The American Revolution

Timeline created by Gprice99
  • The Sugar Act

    The Sugar Act
    The Sugar Act is when the British tax given to the American colonies to support Britains greedy policy. The British placed a tax on sugar and other imports from non-British colonies.
  • The Stamp Act

    The Stamp Act
    The Stamp Act was enforced by King George the Third. King George was hated in America more and more with every new tax levied. There was a saying that Americans came up with to fight back King Georges taxes, “No taxation without representation”.
  • Continental Congress

    Continental Congress
    To turn the tables on the British’s actions the colonies organized the First ever Continental Congress. The meeting took place in Philadelphia in September 1774. Members stressed to bare arms and organize small armies.
  • The Second Continental Congress

    The Second Continental Congress
    On July 4th (1776) the second Continental Congress adopted the Declaration of Independence. The Declaration of Independence guaranteed the rights of “Life, Liberty and the Pursuit of happiness” to every individual (not including slaves or women). The Declaration of Independence also gave the people the right to over throw the government if the government is not protecting the people’s rights.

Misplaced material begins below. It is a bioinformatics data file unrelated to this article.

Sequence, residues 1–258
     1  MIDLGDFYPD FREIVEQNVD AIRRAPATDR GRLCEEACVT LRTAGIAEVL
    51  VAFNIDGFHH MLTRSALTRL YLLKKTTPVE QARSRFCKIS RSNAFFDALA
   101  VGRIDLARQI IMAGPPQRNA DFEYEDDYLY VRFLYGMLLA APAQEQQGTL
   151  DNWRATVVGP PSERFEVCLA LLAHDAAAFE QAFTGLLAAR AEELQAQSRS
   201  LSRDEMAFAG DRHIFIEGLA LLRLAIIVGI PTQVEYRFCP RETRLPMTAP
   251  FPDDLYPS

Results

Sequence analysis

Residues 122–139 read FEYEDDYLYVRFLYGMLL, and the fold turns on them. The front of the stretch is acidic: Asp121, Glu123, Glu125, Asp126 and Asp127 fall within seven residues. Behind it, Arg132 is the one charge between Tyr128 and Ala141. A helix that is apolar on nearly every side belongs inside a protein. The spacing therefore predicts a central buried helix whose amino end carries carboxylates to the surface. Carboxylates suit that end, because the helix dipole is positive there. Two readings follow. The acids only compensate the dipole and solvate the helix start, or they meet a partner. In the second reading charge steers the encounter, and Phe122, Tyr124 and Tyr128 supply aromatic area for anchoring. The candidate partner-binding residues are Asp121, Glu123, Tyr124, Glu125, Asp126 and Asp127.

• The Battle of Saratoga

    The Battle of Saratoga
    The Colonist defeats Burgoyne’s British troops. This battle was important because it was the turning point of the war. The victory had the attention of France, the Netherlands, Spain and they had entered the war on the side of the Americans.
  • The Battle of Yorktown

    The Battle of Yorktown
    The Americans and French trap General Cornwallis’s army at Yorktown, Virginia. The British surrendered.
  • The Treaty of Paris

    The Treaty of Paris
    The Treaty of Paris ended the American Revolution. Territory much bigger than 13 colonies was gained. Benjamin Franklin was the chief negotiator.
  • The Articles of Confederation

    The Articles of Confederation
    After the Articles of Confederation was introduced the state governments began to form very strong. Congress was granted authority to make war and settle interstate disputes. They could not allow trade and had very little power to enforce new laws.